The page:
When Jesus came to this earth, the Jews couldn’t help but think back to the Exodus as Jesus did and said things that could only be attributed to Yahweh. He did miracles, He talked about delivering His people. He was Yahweh. He is Jehovah.

Jesus came to this earth to reveal God to us. It’s a continuation of the conversation that started with Moses back at that burning bush. Jesus is the great I AM in the flesh and through Him we can know Yahweh, I AM.

In Jesus Christ, Jehovah, the great unapproachable I AM, who said, “Don’t come near!” . . . In Jesus Christ, that Yahweh has drawn near to us! He is holy. He has come to give us His holiness, to save us from our sin so that we might draw near to Him.

And as Jehovah delivered His people out of slavery in Egypt, Jesus is the God who delivers and sets captives free. He has rescued from slavery to the ultimate “Pharaoh,” he has delivered us from slavery to Satan and to sin. Daily He continues to rescue us from ourselves, from the power of sin, from the power of our flesh, from the entanglements of sin and this world, and the devil.

One day He has promised that He will deliver us fully, completely, and forever from the very presence of sin! He’s our Deliverer!

And as Jehovah in the Old Testament judged and destroyed the Egyptian army, so Jesus has come, ultimately, to destroy every enemy, sickness, disease, Satan, demons, and death itself. He will destroy and judge all that is contrary to His character.

As Jehovah led His people into the Promised Land with the cloud by day and the pillar of fire by night, so Jesus came to this earth to lead many sons to glory. He leads us every day by His Holy Spirit, and He’s preparing a new heavens and a new earth for us to live in eternally. Jesus is Yahweh, the great I AM!

And so, Jehovah, the LORD, said to Moses, “I AM with you. I am all that you need.” Jesus is Jehovah with us, all that we need—the All-sufficient One. He gives us Himself in exchange for whatever we lack.

You have a thirsty soul? He says, “I AM the Living Water.” You have a hungry heart? He says, “I AM the Bread of Life.” You’re under the curse of sin and death? He says, “I AM the Resurrection and the Life.” You’re lost? He says, “I AM the Way.”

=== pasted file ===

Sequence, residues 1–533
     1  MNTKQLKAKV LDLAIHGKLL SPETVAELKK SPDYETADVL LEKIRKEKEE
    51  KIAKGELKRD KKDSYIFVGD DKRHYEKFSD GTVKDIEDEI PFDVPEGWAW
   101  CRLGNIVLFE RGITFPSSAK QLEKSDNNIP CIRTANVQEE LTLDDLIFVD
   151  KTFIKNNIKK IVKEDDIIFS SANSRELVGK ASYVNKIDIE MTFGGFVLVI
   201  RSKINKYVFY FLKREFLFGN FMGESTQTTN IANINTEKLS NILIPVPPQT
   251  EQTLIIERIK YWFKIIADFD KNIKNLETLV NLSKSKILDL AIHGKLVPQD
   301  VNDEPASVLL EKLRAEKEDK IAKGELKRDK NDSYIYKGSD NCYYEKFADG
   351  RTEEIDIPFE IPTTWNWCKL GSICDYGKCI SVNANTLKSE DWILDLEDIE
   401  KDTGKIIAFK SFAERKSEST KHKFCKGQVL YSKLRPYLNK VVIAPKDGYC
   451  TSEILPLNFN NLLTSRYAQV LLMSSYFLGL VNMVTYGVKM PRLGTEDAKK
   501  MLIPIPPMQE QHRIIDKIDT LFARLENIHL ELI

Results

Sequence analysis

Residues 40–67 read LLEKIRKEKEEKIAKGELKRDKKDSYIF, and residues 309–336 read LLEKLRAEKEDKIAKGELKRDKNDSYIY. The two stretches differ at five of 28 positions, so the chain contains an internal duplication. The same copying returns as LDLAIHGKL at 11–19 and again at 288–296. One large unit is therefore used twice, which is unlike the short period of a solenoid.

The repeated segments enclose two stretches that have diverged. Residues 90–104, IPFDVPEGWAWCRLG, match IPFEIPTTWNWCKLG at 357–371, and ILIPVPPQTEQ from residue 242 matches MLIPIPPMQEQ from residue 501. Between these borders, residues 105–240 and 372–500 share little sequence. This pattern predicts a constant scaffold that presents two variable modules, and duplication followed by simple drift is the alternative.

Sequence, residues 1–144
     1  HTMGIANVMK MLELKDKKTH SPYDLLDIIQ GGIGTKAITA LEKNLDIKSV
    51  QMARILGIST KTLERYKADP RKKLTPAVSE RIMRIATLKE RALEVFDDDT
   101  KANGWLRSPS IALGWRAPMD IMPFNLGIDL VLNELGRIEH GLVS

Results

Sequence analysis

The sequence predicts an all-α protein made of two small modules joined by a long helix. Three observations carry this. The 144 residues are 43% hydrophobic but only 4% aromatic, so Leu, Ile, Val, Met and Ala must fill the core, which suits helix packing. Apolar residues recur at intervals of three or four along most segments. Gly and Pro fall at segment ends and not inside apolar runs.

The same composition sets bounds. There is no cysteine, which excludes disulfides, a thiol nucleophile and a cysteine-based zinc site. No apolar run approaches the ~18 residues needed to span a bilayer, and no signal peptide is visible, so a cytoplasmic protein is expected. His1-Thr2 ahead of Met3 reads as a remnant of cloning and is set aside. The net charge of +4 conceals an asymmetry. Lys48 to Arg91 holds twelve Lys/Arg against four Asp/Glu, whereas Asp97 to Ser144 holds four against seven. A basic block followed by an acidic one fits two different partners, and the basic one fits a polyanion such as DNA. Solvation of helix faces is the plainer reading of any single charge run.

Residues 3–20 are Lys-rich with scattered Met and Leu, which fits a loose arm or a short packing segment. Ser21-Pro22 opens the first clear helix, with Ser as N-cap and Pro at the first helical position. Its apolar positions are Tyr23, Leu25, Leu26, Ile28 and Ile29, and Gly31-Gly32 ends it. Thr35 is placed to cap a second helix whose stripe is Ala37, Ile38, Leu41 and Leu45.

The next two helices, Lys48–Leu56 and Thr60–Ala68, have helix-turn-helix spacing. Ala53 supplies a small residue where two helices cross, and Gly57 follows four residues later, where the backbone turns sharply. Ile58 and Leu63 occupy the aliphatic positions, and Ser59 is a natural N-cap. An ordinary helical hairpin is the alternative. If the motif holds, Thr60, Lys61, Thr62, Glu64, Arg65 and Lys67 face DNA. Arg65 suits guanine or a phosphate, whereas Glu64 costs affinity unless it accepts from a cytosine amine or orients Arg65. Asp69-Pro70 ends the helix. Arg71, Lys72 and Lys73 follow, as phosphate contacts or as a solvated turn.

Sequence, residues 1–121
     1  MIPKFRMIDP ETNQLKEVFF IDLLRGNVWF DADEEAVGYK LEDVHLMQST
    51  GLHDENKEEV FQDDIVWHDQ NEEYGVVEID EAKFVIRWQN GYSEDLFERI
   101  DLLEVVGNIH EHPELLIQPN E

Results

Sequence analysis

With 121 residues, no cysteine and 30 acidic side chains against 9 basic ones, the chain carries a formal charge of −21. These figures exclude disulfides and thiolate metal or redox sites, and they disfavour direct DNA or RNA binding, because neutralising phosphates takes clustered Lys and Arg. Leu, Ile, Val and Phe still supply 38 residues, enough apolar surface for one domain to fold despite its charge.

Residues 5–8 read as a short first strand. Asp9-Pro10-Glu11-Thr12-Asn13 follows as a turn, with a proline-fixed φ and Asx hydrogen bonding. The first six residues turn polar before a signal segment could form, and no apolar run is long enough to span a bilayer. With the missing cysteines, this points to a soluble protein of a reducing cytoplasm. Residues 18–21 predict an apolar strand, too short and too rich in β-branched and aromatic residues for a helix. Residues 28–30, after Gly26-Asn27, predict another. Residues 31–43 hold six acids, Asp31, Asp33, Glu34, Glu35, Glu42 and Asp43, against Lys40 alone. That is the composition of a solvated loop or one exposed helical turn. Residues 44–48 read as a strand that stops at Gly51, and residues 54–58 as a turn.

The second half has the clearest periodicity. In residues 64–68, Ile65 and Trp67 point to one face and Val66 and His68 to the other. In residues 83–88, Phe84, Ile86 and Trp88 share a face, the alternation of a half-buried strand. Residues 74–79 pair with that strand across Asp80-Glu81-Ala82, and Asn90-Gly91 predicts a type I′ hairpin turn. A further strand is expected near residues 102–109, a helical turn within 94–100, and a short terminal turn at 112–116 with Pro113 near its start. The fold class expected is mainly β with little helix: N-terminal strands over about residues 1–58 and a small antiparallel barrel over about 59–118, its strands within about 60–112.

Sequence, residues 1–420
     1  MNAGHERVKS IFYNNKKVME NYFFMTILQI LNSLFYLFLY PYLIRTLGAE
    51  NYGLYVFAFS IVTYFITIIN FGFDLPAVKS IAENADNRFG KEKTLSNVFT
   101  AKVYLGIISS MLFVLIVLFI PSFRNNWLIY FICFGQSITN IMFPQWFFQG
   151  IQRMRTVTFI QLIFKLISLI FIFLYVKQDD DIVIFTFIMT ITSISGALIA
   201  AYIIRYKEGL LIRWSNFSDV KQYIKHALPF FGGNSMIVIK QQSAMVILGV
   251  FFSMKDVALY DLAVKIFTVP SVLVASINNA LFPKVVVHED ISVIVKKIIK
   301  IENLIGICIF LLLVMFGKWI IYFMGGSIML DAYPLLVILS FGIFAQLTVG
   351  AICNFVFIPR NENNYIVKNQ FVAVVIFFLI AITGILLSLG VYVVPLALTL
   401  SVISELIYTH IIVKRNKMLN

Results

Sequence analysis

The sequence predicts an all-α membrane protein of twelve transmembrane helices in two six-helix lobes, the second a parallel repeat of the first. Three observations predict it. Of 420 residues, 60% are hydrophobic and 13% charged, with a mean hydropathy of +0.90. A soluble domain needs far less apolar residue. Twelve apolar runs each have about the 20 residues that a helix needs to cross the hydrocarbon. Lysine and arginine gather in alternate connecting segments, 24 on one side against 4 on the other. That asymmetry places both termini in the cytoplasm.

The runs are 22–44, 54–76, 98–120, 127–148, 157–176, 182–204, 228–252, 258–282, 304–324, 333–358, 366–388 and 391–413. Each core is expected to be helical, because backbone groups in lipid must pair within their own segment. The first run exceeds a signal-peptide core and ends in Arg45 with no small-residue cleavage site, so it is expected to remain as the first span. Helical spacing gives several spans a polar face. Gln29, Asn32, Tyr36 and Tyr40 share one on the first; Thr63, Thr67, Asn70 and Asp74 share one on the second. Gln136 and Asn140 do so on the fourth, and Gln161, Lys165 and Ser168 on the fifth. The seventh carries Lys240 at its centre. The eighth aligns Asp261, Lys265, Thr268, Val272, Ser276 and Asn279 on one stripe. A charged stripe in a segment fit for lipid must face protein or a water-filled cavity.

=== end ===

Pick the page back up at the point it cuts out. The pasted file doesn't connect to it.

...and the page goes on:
Well, let me give you just one more glimpse of the great I AM as we go to the last book of the Bible, in Revelation chapter 1. We meet John the apostle—the beloved disciple of Jesus who’s now an old man. He’s been banished to the island of Patmos by the Roman government, banished for his faith.

And there he is a prisoner, not ultimately of Rome, but a prisoner of God, in a good way. And there on that island, as John is in exile, God reveals Himself to His servant. He says in verse 8 of Revelation 1: “I AM . . .” I AM! You see this all through the Scripture! “‘I AM the Alpha and the Omega,’ says the Lord God, ‘who is and who was and who is to come, the Almighty.’”

I AM. The I AM who met Moses at the burning bush. The I AM who came to this earth to do miracles and to heal and to deliver people from blindness and death and sin. That I AM now appears to John the apostle. He says, “I AM the Beginning and the End.”

Look at verse 12–14:

Then I turned to see the voice that was speaking to me, and on turning I saw seven golden lampstands, and in the midst of the lampstands one like a son of man, clothed with a long robe and with a golden sash around his chest. The hairs of his head were white like wool, as white snow. His eyes were like a flame of fire.

Have you seen fire connected with I AM before? The great I AM.

His feet were like burnished bronze, refined in a furnace, and his voice was like the roar of many waters. In his right hand he held seven stars, from his mouth came a sharp two-edged sword, and his face was like the sun shining in full strength.When I saw him, I fell at his feet as though dead.

Remember Moses? He hid his face because he was afraid? That’s the experience the apostle John has here. But this Great I AM, Jehovah, Jesus,

He laid his right hand on me, saying [this time He didn’t say, "Don’t draw near." This time He said], "Fear not, [I AM] I am the first and the last, and the living one. I died, and behold I am alive forevermore, and I have the keys of Death and Hades” (vv. 15–18).

And so, Father, we thank You that You have made Yourself known to us, and we’ve just touched on this great expanse of Scripture over the last couple of days to be introduced to Yahweh: “I AM who I AM.” You have made Yourself known to us! You reveal Yourself in common, ordinary bushes and desert places.

You turn the desert and the desolate place into a place of mission and passion and purpose. You repurpose us. We see who we are when we learn who You are! Thank You for Your holy name. And thank You for this holy I AM God, that You have drawn near to us in the person of Jesus Christ. Thank You that You want us to know You; You want us to draw near.

You tell us, “Don’t be afraid; I AM with you!” So we worship You, we honor You, we exalt You, we fall before You, and we trust You! And we thank You that You’ve come to deliver Your people, to lead us out of captivity, and to lead us into a good and pleasant and beautiful place, to be with us forever, for You change not. You are the eternal I AM. You were, You are, and You always will be. So we bless You in the name of Jesus, Yahweh, the great I AM, amen.